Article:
“I really do not know if I will be able to ride again with the constricted environment I have now ... That is the drawback of being the president,“ Duterte told graduates of a police highway patrol training course.

“I lost the desire because when I go out, my security follow me. Just forget it.“

Duterte’s image as an easy rider adds to the down-to-earth approach that has endeared him to millions of Filipinos.

When he was Davao City mayor he shunned protocol by making visiting President Gloria Macapagal Arroyo ride pillion on his bike, and he once forced a policeman to fine him for riding without his helmet.

Duterte gave a few lessons in motorcycle safety and recalled a few accidents, including one that damaged a nerve in his neck, which he is frequently seen massaging to prevent headaches.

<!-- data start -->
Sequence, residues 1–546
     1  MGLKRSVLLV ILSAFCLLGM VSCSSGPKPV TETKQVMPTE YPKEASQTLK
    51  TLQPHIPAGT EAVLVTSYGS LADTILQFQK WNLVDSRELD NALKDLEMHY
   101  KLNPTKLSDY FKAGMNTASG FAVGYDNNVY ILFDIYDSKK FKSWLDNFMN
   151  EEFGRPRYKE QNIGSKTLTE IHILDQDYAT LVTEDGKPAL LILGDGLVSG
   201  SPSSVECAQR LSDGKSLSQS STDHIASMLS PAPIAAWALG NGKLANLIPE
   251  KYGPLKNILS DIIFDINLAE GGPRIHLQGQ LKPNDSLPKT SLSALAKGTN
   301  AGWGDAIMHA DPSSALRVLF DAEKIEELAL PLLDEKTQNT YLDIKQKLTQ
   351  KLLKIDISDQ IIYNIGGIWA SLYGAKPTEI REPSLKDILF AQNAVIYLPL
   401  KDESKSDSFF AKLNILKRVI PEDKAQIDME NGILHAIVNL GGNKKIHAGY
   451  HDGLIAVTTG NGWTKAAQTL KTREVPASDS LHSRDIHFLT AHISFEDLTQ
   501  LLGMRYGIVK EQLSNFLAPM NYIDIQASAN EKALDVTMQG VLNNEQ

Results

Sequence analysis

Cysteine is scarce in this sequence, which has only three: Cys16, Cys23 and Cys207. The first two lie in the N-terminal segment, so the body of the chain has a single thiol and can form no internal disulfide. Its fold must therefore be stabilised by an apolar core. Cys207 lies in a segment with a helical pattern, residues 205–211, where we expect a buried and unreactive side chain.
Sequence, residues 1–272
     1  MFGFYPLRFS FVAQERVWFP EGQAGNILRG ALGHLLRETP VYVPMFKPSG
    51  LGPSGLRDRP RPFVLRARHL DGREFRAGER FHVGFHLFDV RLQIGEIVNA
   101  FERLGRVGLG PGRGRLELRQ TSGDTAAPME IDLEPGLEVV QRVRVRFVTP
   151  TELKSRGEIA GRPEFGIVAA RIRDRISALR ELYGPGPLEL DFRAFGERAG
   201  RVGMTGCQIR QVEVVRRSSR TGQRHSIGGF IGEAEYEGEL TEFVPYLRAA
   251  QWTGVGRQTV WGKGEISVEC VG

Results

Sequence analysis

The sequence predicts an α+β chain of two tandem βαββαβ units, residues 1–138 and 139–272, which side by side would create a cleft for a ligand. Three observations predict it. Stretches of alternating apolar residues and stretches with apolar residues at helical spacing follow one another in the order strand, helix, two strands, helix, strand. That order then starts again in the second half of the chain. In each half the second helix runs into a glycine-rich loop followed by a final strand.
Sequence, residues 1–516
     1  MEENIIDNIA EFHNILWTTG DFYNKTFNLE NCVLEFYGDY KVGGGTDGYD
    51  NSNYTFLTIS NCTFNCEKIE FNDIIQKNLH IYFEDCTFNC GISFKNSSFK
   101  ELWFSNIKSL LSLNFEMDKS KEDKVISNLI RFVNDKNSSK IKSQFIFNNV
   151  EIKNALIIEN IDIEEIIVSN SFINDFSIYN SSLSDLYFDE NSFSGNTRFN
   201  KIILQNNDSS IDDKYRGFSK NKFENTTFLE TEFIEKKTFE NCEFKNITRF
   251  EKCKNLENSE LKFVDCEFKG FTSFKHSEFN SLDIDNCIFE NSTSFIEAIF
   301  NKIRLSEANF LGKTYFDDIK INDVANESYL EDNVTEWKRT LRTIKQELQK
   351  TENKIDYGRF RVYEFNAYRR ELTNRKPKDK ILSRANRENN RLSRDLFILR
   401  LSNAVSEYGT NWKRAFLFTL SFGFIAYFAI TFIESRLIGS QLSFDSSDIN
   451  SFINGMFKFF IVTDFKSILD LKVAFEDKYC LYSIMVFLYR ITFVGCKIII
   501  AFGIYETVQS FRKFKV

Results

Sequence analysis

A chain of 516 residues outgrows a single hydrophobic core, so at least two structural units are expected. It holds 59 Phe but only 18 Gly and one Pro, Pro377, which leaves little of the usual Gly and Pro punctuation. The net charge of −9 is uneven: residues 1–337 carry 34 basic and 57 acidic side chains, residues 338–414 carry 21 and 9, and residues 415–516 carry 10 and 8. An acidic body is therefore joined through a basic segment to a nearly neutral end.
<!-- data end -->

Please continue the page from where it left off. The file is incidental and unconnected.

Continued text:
He boasted of having reached speeds of 180 kph and owning a Yamaha and Honda as well as a Harley Davidson, although he said he was not too happy with that model as it over-heated.

“Throw it in the ditch. It is useless and hot,“ he said.

Duterte has overseen a tough anti-drugs campaign in which more than 2,500 people have been killed since he took office on June 30, about three-quarters in police operations, and the rest apparently victims of vigilantes or druglords eliminating rivals.


►   Gambia court orders release of opposition leader, 18 others

An appeals court in Gambia ordered the release of a top opposition politician and 18 other protesters on bail Monday, just days after strongman ruler Yahya Jammeh agreed to step aside after losing the presidential election.

The ruling prompted people in the courtroom to stand and sing the national anthem.